Produced by CI Department Co-Chair Eden MacAdam-Somer, the March 24 concert features reinterpretations of Ran’s music along with original student compositions/improvisations created as the soundtrack to scenes from The Pawnbroker and Portrait of Jennie. Performers include current students Delfina Cheb-Terrab, Emily Mitchell, Joseph Van-Leeuwen, Shalun Li, Rihards Kolamis, Caleb Schmale, Lyra Montoya, Griffin Woodard, Matthew Shifrin, Grace Ward, and Lucy Little, along with the CI Chamber Ensemble, CI faculty members Eden MacAdam-Somer and Anthony Coleman, and a special solo set by Ran Blake.
ABOUT RAN BLAKE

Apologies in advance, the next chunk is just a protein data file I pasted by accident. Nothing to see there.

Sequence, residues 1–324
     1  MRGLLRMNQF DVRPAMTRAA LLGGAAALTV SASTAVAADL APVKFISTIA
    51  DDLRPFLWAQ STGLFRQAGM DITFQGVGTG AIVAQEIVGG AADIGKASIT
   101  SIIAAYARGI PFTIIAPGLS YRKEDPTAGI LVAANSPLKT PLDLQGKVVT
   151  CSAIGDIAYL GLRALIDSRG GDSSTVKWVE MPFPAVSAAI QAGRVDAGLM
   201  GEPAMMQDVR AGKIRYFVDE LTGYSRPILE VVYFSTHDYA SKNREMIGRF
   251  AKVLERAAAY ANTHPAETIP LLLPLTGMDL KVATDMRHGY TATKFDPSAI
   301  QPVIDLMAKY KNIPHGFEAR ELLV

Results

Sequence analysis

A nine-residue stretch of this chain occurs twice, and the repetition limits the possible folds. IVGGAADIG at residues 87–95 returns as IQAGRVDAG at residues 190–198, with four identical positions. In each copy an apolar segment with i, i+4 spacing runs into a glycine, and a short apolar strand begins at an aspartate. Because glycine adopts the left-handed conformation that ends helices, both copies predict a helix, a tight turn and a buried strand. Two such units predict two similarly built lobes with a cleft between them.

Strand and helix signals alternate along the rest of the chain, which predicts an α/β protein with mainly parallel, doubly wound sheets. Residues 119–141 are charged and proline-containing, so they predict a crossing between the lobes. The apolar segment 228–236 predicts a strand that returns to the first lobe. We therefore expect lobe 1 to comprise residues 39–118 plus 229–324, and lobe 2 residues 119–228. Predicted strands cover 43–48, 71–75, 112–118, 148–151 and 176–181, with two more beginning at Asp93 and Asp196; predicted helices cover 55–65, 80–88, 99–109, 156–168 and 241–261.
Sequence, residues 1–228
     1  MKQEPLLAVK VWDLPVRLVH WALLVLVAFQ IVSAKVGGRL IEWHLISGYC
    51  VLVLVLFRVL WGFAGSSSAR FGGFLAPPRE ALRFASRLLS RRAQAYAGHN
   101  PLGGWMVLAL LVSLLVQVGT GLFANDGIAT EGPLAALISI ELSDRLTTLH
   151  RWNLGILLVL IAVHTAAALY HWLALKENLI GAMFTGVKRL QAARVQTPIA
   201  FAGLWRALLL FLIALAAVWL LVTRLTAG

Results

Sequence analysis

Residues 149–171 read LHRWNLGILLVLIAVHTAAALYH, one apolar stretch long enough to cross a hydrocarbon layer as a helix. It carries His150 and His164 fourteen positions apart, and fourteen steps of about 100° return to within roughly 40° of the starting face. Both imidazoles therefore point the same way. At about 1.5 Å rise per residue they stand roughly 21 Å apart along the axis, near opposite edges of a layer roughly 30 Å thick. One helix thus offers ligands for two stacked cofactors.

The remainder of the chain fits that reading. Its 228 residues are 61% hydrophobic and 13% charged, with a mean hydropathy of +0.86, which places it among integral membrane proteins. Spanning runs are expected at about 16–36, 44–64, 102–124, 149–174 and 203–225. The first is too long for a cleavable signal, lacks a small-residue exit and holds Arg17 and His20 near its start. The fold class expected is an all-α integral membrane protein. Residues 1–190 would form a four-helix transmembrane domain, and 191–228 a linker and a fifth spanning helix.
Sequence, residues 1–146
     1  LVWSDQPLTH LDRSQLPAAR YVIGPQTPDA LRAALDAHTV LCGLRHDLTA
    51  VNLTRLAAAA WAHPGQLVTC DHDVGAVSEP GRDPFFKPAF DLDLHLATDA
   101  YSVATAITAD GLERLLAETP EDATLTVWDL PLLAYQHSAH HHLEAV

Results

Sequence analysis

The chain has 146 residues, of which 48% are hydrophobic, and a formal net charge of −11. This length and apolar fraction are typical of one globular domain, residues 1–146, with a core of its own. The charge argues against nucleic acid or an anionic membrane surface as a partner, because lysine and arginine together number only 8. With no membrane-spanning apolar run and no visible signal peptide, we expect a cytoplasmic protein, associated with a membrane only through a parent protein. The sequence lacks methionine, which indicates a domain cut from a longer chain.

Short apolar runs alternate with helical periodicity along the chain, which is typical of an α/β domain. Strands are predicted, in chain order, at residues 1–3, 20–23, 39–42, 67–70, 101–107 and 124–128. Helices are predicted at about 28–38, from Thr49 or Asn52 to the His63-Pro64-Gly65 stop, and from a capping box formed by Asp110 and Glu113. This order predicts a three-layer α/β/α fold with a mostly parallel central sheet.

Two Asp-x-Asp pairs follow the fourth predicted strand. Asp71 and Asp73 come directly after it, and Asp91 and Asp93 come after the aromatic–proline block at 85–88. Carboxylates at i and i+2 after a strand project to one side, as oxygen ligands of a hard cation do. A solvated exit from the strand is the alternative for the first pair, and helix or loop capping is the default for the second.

In a career spanning nearly six decades, pianist/composer Ran Blake has created a unique niche in improvised music as an artist and educator. With a characteristic mix of spontaneous solos, modern classical tonalities, the great American blues and gospel traditions, and classic film noir themes, Blake’s singular sound has earned a dedicated following around the world. His musical legacy includes more than 40 albums on some of the world’s finest jazz labels, and more than 50 years as a groundbreaking educator at New England Conservatory, where he was the founding chair of the Contemporary Improvisation department (previously called Third Stream), from 1972 through 2005, and continues to teach full-time. His innovative teaching approach, known as “the primacy of the ear,” emphasizes the listening process and long-term memory rather than sheet music.